dependencies in .so files
Wed, 27 May 1998 22:10:18 +0100 (GMT+0100)

 > Luke Tierney writes:
 > wrote:
 > >  So, I try: 
 > >  1) I modify src/unix/dynload.c changing the flag of dlopen
 > >     from RTLD_LAZY to (RTLD_LAZY | RTLD_GLOBAL)
 > I'm not sure this is properly and reliably supported on all UNIX
 > platforms. It doesn't seem to be in the standard Windows and Mac
 > compilers.  That is, MS VC++ and Borland C++ don't seem to let you
 > creade DLL's with undefined symbols. Watcom does seem to allow it, but
 > I'm not certain how reliable it is there.
 If I understand, under Windows , you have to follow your strategy B (recursive 
 shared libraries). 
 > Also you need to consider what happens at runtime if a function is
 > called and finds an unresolved symbol. On some systems a signal might
 > be sent that can be caught (HP-UX sends SIGABRT, but I'm not sure I
 > would want to catch all those), but this will need to be checked out
 > on every different system. Having any problems reported at load time
 > seems like a safer solution -- I have gone the other way and switched
 > to using RTLD_NOW for this reason (and because that seems the least
 > common denominator accross UNIX/Win32/Mac).
 I agree. This point is however indipendent from  linking a
 shared library which needs another shared library. This has
 to do with the RTLD_LAZY flag not with the RTLD_GLOBAL one. 
 In the example I used the RTLD_LAZY flag only because the current version of
 R uses it.
 The use of RTLD_NOW will also make debugging easier.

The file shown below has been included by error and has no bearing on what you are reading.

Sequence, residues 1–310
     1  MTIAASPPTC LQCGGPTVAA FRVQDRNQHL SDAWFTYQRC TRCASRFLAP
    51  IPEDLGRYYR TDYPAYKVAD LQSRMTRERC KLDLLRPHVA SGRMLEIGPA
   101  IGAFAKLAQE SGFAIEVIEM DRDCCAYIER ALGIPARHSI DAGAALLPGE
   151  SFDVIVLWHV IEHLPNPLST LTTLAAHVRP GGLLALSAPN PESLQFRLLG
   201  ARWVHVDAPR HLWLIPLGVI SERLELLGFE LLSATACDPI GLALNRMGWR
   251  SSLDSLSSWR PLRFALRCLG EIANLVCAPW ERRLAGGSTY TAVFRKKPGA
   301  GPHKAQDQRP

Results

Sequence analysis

An example was the missing routines
 problem in the locfit package (a couple of messages a month ago).
 I found out that the shared library misses a couple of routines
 compiling the package under Windows. But, under Unix, no 
 errors in building the library.
 But, if you try to use the R function which calls
 a C function with an unresolved routine you get a segmentation fault
 (or at least, I got it).
 > The alternative is to use the OS's ld or equivalent to create a
 > library that knows what it needs to call at link time by telling ld
 > what other shared libraries it needs; in this case
 > >  	
 > > a.o
 > >  	gcc -shared -o a.o
 > >  	
 > >  b.o: b.c
 > >  	gcc -fPIC -c b.c
 > >  	
 > > b.o
 > >  	gcc -shared -o b.o	
 > >  	
 > would change to
 > ...
 > b.o
 > 	gcc -shared -o b.o
 > Mutually recursive libraries can be handled this way on most UNIX
 > systems I think; for Win32 there are some standard tricks involving
 > .def and .lib files (that I can't remember in detail but I think I
 > found them once on MS's web site) for making DLL's that are mutually
 > recursive. I haven't looked into mutual recursion on the Mac.
 Under Linux, the problem with this approach is that the dynamic
 linker ( must find at runtime. I have just tried
 on the previous example but I can't load the so builded in R.
 guido m.

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